Grieving mum of knife victim Isschan Nicholls hopes for breakthrough in police investigation
THE grieving mother of Isschan Nicholls, who died after being knifed in Bow a year ago today, says she cannot move on until her son’s killer is brought to justice.
Jennifer Williams, 42, has called on anyone with information about the attack on her 18-year-old son by up to 15 youths in Parnell Road on January 13 to come forward.
Isschan was left with stab wounds to his abdomen and thigh and died two days later at the Royal London Hospital in Whitechapel.
Police today announced a reward of up to �20,000 for information leading to a successful prosecution.
Jennifer, who lives in the Isle of Dogs, said: “It’s still really raw, it’s an open wound and it’s not beginning to heal.
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“I don’t think it will ever start to heal until someone has been brought to justice.”
As Jennifer prepares to welcome friends and family to her home on the anniversary of Isschan’s death, she remembered the son she described as ‘calm’ and ‘a pleasure to be around’.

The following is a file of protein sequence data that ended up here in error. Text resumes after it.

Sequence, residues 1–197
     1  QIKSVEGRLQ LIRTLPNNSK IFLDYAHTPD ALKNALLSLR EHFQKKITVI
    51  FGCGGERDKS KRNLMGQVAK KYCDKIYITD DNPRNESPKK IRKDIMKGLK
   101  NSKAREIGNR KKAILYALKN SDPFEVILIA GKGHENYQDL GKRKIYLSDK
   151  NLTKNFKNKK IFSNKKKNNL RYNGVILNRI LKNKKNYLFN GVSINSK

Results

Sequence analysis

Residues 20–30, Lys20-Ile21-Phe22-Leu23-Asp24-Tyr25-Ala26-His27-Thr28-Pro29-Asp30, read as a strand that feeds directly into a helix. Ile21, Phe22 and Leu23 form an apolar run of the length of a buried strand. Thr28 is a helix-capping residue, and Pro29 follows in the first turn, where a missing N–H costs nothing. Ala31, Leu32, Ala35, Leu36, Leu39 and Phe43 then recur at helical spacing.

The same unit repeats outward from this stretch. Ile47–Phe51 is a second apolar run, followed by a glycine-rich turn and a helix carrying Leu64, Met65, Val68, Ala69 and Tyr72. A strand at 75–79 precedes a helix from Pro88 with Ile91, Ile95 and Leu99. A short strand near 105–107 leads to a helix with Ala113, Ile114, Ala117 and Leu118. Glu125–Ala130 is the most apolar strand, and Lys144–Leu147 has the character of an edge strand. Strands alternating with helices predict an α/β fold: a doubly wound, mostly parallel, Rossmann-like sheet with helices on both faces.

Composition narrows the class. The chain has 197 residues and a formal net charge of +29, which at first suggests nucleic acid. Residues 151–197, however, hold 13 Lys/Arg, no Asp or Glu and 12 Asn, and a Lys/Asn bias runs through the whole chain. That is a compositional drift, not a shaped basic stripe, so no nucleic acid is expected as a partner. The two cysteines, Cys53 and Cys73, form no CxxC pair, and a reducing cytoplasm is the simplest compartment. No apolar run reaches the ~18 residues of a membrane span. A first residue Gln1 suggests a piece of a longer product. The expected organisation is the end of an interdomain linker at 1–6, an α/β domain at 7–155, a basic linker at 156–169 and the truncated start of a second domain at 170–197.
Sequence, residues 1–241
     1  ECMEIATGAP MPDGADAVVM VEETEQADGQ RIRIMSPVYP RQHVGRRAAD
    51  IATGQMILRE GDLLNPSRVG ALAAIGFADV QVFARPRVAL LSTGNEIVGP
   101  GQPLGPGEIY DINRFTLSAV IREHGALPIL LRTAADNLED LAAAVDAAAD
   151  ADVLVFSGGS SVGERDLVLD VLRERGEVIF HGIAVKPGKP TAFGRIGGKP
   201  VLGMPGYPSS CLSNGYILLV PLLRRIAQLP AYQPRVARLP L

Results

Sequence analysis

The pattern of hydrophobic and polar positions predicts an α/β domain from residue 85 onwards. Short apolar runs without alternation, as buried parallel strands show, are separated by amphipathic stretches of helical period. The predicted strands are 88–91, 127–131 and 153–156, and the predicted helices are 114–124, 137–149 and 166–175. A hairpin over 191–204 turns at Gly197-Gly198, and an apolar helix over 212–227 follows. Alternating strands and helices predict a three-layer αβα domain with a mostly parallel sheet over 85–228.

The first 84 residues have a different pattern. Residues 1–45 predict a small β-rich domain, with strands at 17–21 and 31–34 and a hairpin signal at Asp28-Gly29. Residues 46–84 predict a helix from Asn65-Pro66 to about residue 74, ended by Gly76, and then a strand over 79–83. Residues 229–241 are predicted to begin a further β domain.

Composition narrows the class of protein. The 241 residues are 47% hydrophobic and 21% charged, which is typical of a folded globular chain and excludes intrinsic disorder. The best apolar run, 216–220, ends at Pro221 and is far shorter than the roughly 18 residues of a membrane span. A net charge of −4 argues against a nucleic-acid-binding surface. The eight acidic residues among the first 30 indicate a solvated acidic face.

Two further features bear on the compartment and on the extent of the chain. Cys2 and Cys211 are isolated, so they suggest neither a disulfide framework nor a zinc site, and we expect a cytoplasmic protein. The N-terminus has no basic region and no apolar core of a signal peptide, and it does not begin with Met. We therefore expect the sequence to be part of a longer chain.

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She said: “Seeing how his friends reacted, I saw that he was their magnet and they would come to him with their problems.
“He left a hole in their hearts.”
Police recovered the knife they believe was used to kill Isschan and have made 16 arrests in total, with five men due to return to an east London police station on January 15.
But no charges have yet been brought.
Officers will hand out leaflets, revisit witnesses and return to the scene of the crime today in the hope of uncovering new information.
DCI Dave Manning, who is leading the investigation, said: “There are people who saw and know what happened to Isschan.
“I would ask that they examine their consciences and consider the trauma and devastation suffered by Isschan’s family.”
Jennifer said: “It would be the best thing ever if this appeal makes the difference.
“Then we can say let’s try and make something of the lives we have left.
“At the moment we’re playing the waiting game.”
Anyone with information can call the incident room on 020 8721 4054 or contact Crimestoppers anonymously on 0800 555 111.